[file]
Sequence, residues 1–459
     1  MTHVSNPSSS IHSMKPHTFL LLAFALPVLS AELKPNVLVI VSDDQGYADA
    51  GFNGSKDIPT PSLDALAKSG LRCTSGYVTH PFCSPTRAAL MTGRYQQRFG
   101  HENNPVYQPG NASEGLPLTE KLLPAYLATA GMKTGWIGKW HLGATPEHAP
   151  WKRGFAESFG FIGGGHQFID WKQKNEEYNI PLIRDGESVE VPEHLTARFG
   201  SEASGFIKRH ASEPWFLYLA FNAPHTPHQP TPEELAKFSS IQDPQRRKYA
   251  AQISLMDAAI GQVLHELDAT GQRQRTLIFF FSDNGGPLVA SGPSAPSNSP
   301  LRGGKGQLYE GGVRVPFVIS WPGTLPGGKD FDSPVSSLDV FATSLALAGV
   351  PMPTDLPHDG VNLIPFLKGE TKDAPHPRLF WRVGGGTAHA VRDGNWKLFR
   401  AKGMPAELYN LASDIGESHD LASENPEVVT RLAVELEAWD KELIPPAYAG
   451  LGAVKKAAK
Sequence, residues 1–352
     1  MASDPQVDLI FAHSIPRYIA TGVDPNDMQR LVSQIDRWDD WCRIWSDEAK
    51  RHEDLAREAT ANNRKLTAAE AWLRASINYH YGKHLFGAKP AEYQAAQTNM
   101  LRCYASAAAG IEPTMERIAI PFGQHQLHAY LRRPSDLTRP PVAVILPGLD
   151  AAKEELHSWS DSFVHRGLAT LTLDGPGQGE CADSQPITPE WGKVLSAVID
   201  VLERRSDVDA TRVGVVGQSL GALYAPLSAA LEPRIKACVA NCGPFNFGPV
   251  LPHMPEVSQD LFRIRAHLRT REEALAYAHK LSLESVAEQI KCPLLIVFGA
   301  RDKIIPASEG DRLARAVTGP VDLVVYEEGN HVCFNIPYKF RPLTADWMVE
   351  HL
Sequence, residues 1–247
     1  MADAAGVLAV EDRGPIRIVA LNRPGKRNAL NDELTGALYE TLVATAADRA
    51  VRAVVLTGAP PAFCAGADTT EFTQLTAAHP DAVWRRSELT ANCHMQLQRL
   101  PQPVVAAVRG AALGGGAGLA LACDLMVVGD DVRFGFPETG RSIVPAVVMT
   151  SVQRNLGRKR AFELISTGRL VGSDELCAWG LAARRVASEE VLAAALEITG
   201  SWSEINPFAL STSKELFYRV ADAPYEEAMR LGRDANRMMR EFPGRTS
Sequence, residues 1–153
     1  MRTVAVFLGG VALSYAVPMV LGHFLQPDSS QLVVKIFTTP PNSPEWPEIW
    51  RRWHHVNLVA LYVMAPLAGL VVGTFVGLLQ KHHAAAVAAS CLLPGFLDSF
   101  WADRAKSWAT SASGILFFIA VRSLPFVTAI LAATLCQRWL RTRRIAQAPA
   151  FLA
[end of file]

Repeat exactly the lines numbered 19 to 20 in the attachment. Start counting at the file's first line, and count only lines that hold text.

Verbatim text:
   301  RDKIIPASEG DRLARAVTGP VDLVVYEEGN HVCFNIPYKF RPLTADWMVE
   351  HL